COVID-19 admission risk tools should include multiethnic age structures, multimorbidity and deprivation metrics for air pollution, household overcrowding, housing quality and adult skills

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Abstract

Background Ethnic minorities account for 34% of critically ill patients with COVID-19 despite constituting 14% of the UK population. Internationally, researchers have called for studies to understand deterioration risk factors to inform clinical risk tool development. Methods Multicentre cohort study of hospitalised patients with COVID-19 (n=3671) exploring determinants of health, including Index of Multiple Deprivation (IMD) subdomains, as risk factors for presentation, deterioration and mortality by ethnicity. Receiver operator characteristics were plotted for CURB65 and ISARIC4C by ethnicity and area under the curve (AUC) calculated. Results Ethnic minorities were hospitalised with higher Charlson Comorbidity Scores than age, sex and deprivation matched controls and from the most deprived quintile of at least one IMD subdomain: indoor living environment (LE), outdoor LE, adult skills, wider barriers to housing and services. Admission from the most deprived quintile of these deprivation forms was associated with multilobar pneumonia on presentation and ICU admission. AUC did not exceed 0.7 for CURB65 or ISARIC4C among any ethnicity except ISARIC4C among Indian patients (0.83, 95% CI 0.73 to 0.93). Ethnic minorities presenting with pneumonia and low CURB65 (0-1) had higher mortality than White patients (22.6% vs 9.4%; p<0.001); Africans were at highest risk (38.5%; p=0.006), followed by Caribbean (26.7%; p=0.008), Indian (23.1%; p=0.007) and Pakistani (21.2%; p=0.004). Conclusions Ethnic minorities exhibit higher multimorbidity despite younger age structures and disproportionate exposure to unscored risk factors including obesity and deprivation. Household overcrowding, air pollution, housing quality and adult skills deprivation are associated with multilobar pneumonia on presentation and ICU admission which are mortality risk factors. Risk tools need to reflect risks predominantly affecting ethnic minorities.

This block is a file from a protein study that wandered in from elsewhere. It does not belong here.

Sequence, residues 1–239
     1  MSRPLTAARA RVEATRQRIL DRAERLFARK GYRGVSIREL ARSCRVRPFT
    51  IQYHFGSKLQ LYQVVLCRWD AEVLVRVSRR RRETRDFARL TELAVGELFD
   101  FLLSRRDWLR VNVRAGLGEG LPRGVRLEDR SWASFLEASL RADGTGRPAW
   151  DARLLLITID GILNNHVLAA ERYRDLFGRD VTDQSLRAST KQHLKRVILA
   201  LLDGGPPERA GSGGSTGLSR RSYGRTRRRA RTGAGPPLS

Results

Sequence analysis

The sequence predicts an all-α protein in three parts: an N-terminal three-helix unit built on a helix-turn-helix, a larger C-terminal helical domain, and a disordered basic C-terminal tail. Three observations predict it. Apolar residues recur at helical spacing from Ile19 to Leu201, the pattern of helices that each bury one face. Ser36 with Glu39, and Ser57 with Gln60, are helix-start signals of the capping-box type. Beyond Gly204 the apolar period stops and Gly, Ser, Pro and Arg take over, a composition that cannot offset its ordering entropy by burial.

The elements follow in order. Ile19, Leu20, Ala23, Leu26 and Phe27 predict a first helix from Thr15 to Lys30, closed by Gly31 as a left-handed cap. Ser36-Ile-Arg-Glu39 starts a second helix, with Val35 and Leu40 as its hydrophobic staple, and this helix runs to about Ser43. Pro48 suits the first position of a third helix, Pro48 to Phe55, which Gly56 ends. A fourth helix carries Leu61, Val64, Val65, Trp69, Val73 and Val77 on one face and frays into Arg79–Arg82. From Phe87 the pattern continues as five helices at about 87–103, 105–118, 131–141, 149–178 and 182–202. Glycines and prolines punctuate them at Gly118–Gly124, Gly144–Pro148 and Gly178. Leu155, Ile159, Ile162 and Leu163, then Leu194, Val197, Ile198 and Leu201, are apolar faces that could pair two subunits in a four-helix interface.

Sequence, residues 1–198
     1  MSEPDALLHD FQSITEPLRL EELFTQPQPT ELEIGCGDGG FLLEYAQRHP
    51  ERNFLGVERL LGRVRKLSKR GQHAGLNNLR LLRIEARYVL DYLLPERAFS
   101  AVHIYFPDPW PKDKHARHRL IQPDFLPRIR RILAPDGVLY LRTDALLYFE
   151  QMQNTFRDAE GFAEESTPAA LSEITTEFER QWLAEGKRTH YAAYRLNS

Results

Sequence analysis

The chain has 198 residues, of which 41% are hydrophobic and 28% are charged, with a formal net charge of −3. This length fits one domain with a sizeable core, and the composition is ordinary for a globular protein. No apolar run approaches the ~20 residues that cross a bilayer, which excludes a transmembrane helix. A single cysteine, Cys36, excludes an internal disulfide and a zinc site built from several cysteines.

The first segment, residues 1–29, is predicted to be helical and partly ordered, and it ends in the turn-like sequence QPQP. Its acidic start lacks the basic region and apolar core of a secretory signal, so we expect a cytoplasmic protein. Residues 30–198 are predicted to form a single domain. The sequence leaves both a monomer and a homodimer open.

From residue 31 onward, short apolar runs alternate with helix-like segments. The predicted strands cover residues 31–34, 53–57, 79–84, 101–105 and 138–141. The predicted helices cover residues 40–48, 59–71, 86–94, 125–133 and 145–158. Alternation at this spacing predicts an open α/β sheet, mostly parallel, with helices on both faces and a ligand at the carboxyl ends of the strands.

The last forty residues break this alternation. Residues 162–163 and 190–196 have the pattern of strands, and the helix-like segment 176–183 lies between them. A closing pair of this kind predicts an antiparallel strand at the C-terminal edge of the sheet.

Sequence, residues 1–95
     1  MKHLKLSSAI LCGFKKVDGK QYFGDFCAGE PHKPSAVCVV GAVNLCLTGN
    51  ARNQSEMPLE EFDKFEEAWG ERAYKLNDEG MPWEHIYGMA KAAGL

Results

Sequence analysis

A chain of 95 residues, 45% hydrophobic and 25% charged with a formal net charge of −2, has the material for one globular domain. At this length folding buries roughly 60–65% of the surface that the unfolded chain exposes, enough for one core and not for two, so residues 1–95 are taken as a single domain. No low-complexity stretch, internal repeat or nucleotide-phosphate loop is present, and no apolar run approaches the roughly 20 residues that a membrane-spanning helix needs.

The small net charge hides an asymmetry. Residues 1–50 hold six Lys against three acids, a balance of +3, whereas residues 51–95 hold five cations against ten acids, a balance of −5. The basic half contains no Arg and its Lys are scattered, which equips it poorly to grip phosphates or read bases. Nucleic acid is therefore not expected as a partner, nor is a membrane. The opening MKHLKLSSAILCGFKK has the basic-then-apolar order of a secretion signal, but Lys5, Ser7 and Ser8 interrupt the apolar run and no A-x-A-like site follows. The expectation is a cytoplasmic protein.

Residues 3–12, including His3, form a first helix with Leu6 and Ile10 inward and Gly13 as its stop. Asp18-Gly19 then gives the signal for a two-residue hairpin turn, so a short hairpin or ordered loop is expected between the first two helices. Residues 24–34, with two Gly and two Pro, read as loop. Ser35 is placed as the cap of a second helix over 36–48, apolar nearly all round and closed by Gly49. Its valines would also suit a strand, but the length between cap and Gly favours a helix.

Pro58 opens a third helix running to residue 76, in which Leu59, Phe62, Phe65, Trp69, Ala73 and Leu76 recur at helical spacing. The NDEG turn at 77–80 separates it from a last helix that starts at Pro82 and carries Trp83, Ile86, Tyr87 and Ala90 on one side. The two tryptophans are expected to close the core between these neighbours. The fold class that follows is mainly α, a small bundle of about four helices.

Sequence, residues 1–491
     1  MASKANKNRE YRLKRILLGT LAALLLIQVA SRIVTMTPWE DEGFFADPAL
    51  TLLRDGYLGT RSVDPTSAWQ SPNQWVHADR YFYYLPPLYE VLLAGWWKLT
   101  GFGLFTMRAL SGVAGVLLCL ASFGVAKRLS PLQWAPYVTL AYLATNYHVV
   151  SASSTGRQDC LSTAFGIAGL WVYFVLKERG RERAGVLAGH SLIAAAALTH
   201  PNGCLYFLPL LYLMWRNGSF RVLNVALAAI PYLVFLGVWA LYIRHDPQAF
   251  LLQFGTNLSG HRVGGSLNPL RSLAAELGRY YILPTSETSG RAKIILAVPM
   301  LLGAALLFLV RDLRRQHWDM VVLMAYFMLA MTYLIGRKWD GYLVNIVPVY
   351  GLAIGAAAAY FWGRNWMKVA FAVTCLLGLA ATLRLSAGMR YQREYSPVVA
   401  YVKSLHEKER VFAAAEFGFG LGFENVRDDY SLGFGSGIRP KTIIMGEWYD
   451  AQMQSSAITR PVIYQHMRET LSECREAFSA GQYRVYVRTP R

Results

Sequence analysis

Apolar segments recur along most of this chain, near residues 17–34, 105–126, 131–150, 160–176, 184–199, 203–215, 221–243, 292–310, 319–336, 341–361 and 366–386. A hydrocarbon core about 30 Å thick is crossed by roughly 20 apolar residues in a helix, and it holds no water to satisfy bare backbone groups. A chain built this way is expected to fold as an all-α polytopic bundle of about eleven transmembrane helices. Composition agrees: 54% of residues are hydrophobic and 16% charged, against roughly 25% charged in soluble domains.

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APA

Soltan, M. A., Varney, J., Sutton, B., Melville, C. R., Lugg, S. T., Parekh, D., … Thickett, D. R. (2021). COVID-19 admission risk tools should include multiethnic age structures, multimorbidity and deprivation metrics for air pollution, household overcrowding, housing quality and adult skills. BMJ Open Respiratory Research, 8(1). https://doi.org/10.1136/bmjresp-2021-000951

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